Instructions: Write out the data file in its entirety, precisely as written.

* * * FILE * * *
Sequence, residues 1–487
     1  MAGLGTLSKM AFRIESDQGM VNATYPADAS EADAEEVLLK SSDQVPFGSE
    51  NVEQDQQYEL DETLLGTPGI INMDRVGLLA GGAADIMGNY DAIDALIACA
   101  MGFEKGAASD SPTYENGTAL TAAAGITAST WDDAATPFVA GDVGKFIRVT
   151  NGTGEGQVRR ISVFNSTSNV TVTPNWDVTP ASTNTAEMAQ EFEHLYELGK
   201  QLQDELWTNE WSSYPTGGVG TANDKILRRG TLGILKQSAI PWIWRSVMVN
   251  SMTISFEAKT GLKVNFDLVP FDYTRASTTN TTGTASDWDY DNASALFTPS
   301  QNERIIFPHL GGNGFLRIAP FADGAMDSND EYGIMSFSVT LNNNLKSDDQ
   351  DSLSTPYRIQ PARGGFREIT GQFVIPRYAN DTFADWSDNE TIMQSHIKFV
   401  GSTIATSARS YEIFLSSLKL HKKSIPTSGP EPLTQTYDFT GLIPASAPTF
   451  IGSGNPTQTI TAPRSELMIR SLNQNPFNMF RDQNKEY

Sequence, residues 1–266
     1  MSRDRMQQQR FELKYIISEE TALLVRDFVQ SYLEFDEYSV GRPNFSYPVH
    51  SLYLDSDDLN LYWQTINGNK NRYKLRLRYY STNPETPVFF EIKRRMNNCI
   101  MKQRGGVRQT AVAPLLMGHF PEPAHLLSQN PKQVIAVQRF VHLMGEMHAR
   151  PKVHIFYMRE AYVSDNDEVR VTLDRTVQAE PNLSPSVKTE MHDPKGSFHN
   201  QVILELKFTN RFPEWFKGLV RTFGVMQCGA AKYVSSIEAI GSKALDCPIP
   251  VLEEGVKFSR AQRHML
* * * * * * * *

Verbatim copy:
Sequence, residues 1–487
     1  MAGLGTLSKM AFRIESDQGM VNATYPADAS EADAEEVLLK SSDQVPFGSE
    51  NVEQDQQYEL DETLLGTPGI INMDRVGLLA GGAADIMGNY DAIDALIACA
   101  MGFEKGAASD SPTYENGTAL TAAAGITAST WDDAATPFVA GDVGKFIRVT
   151  NGTGEGQVRR ISVFNSTSNV TVTPNWDVTP ASTNTAEMAQ EFEHLYELGK
   201  QLQDELWTNE WSSYPTGGVG TANDKILRRG TLGILKQSAI PWIWRSVMVN
   251  SMTISFEAKT GLKVNFDLVP FDYTRASTTN TTGTASDWDY DNASALFTPS
   301  QNERIIFPHL GGNGFLRIAP FADGAMDSND EYGIMSFSVT LNNNLKSDDQ
   351  DSLSTPYRIQ PARGGFREIT GQFVIPRYAN DTFADWSDNE TIMQSHIKFV
   401  GSTIATSARS YEIFLSSLKL HKKSIPTSGP EPLTQTYDFT GLIPASAPTF
   451  IGSGNPTQTI TAPRSELMIR SLNQNPFNMF RDQNKEY

Sequence, residues 1–266
     1  MSRDRMQQQR FELKYIISEE TALLVRDFVQ SYLEFDEYSV GRPNFSYPVH
    51  SLYLDSDDLN LYWQTINGNK NRYKLRLRYY STNPETPVFF EIKRRMNNCI
   101  MKQRGGVRQT AVAPLLMGHF PEPAHLLSQN PKQVIAVQRF VHLMGEMHAR
   151  PKVHIFYMRE AYVSDNDEVR VTLDRTVQAE PNLSPSVKTE MHDPKGSFHN
   201  QVILELKFTN RFPEWFKGLV RTFGVMQCGA AKYVSSIEAI GSKALDCPIP
   251  VLEEGVKFSR AQRHML